Rev Al Sharpton takes aim at UK’s ‘undeserved self-congratulation’ on race

Exclusive: The civil rights icon took aim at the government’s ‘undeserved self-congratulation’ of the UK’s track record on race

Nadine White
Race Correspondent
Wednesday 08 February 2023 17:00 GMT
<p>Reverend Al Sharpton </p>

Reverend Al Sharpton

Reverend Al Sharpton has cautioned the UK against getting too comfortable in the fight for racial equality.

The renowned civil rights leader visited London to meet with Black activists, promote the UK’s biggest Black voter registration drive and meet with grassroots activists.

His remarks come as the government took aim at a recent report by the United Nations which found that systemic racism is eroding the rights of Black people, boasting about the UK’s “hard-earned global reputation” as “an open, tolerant and welcoming country”.

“It’s an undeserved self-congratulation,” Reverend Sharpton, 68, told The Independent. “For example, Black people are still stopped and searched disproportionately in the UK; Black people are still not in the higher levels of education to the degree that they should be.

“I spoke at Cambridge University today and it wasn’t until a couple of years ago that there were no Blacks at all in some of those colleges.”

Referring to comparisons made between police brutality in the US and UK, with the suggestion that Black people fare better in the UK as a “more tolerant” country, the reverend likened the ongoing oppression of minorities to a pervasive sickness.

”Comparing yourself to something worse, while trying to proclaim yourself as well, is futile. It’s like if I was in the hospital suffering from a disease alongside someone else; but I say ‘I’m not as bad as him’ despite not being well myself!

“In assessing the truth of race relations, Black people should be compared to whites in society. Why are white people still treated better by the criminal justice system, education system and health system? Don’t compare Black people to worse - the plight of Black people in other countries - compare us to what we could be at our best.”

During his UK trip, the reverend also hosted a private screening of his biographical documentary, ‘Loudmouth’,  in London, with a Q&A session with Lord Simon Woolley.

Executive produced by R&B singer John Legend, the film chronicles Reverend Sharpton’s life spanning more than five decades as an activist and religious leader during major points in the civil rights movement including the 1986 lynching of three Black men in Howard Beach, New York, and the 2020 murder of George Floyd.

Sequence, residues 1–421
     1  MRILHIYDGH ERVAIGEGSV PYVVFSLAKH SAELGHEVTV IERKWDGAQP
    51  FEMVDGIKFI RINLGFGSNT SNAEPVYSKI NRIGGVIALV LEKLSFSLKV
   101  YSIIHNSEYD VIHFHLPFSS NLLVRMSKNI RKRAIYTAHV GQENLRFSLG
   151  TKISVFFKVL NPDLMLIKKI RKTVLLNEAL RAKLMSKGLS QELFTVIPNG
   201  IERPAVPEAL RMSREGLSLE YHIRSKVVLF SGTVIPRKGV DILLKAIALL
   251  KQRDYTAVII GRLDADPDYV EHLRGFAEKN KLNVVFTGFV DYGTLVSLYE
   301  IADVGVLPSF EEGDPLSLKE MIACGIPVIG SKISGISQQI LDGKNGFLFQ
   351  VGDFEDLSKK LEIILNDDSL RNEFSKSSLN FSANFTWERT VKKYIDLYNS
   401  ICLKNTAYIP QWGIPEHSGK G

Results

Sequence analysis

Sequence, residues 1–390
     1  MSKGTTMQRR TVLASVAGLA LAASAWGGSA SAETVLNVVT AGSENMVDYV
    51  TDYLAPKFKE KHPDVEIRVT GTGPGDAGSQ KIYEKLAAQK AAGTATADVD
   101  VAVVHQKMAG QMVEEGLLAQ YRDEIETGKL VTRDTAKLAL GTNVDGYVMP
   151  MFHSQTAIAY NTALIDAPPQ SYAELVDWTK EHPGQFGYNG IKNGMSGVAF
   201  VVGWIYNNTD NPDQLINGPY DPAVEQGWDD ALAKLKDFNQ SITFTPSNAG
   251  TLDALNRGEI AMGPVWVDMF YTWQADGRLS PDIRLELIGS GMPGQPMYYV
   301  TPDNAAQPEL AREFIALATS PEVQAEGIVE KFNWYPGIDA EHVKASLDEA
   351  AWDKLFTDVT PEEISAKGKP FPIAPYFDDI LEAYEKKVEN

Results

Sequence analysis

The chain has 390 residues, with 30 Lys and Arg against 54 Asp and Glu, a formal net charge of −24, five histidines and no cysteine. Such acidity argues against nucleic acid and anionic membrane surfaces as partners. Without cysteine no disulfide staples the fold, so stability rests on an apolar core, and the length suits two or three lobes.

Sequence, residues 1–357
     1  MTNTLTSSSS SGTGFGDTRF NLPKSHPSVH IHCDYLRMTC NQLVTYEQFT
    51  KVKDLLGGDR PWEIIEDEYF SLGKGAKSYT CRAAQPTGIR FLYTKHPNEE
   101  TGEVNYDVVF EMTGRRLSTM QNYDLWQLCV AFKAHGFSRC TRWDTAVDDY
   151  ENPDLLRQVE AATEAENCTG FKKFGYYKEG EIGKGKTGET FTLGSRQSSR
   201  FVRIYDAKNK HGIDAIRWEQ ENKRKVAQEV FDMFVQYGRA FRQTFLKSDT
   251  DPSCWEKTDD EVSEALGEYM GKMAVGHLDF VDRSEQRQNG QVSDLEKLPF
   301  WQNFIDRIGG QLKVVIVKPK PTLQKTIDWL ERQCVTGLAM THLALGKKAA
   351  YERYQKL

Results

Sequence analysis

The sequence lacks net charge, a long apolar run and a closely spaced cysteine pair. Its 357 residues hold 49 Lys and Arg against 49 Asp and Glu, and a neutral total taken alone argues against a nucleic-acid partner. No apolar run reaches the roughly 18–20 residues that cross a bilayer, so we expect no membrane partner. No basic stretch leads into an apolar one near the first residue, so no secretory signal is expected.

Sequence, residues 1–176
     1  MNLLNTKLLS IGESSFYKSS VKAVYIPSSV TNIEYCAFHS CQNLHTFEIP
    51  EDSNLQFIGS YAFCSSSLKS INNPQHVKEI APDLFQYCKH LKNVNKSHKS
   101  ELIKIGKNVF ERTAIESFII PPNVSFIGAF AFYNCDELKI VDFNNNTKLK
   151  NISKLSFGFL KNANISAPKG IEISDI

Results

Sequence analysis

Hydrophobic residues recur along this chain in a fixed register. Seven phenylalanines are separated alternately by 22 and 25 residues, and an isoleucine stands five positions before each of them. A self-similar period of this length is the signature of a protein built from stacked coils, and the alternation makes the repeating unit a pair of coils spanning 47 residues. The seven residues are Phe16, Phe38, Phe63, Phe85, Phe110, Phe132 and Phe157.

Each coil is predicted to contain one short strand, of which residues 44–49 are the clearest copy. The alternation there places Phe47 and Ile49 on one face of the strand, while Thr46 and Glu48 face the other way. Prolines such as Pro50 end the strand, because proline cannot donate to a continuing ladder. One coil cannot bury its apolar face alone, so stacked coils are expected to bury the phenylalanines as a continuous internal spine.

On Tuesday evening, Reverend Sharpton’s visit culminated in him meeting Black activists from across the country in an event organised by the Black Equity Organisation, a newly launched UK civil rights organisation, in partnership with the Alliance for Police Accountability, and the Advocacy Academy.

The event took place in Hackney, East London, on Tuesday and featured addresses from activists Athian Akec, Lee Jasper, Chantelle Lunt and more.

Activist Chantelle Lunt and Lee Jasper of the Alliance for Police Accountability at the BEO event in Hackney

Following the wave of anti-racism protests that took place following George Floyd’s murder in 2020, many people felt a sense of optimism; as though systemic racism may yet be dismantled and things would change for the better.

Almost three years later, more Black people have died at the hands of police officers across the UK and US, from Chris Kaba to Tyre Nichols.

“They were right to feel the optimism as long as it was realistic optimism,” Reverend Sharpton told The Independent. “Movements go through peaks and valleys; hope showed that there was fertile ground there.

“Now you have to work the ground and plough it; legislation and policies don’t change overnight. There has to be a continuation sometimes over a generation.

“It’s not about putting a timetable on liberation or equality; it’s about the determination that ‘I’m not going to live any other way: therefore, if see inequality in a year or if I see it in five years, I’m gonna fight when I see it’.

“I have no desire to live under any circumstances that’s uneven, and therefore will fight every day until it’s even. If I die first, then I will but as long as I live, I’m going to be fighting.”

Last week, Reverend Sharpton delivered a rousing speech at the funeral of Tyre Nichols in which he compared the Memphis police officers who fatally beat the 29-year-old to death to a group of gang members.

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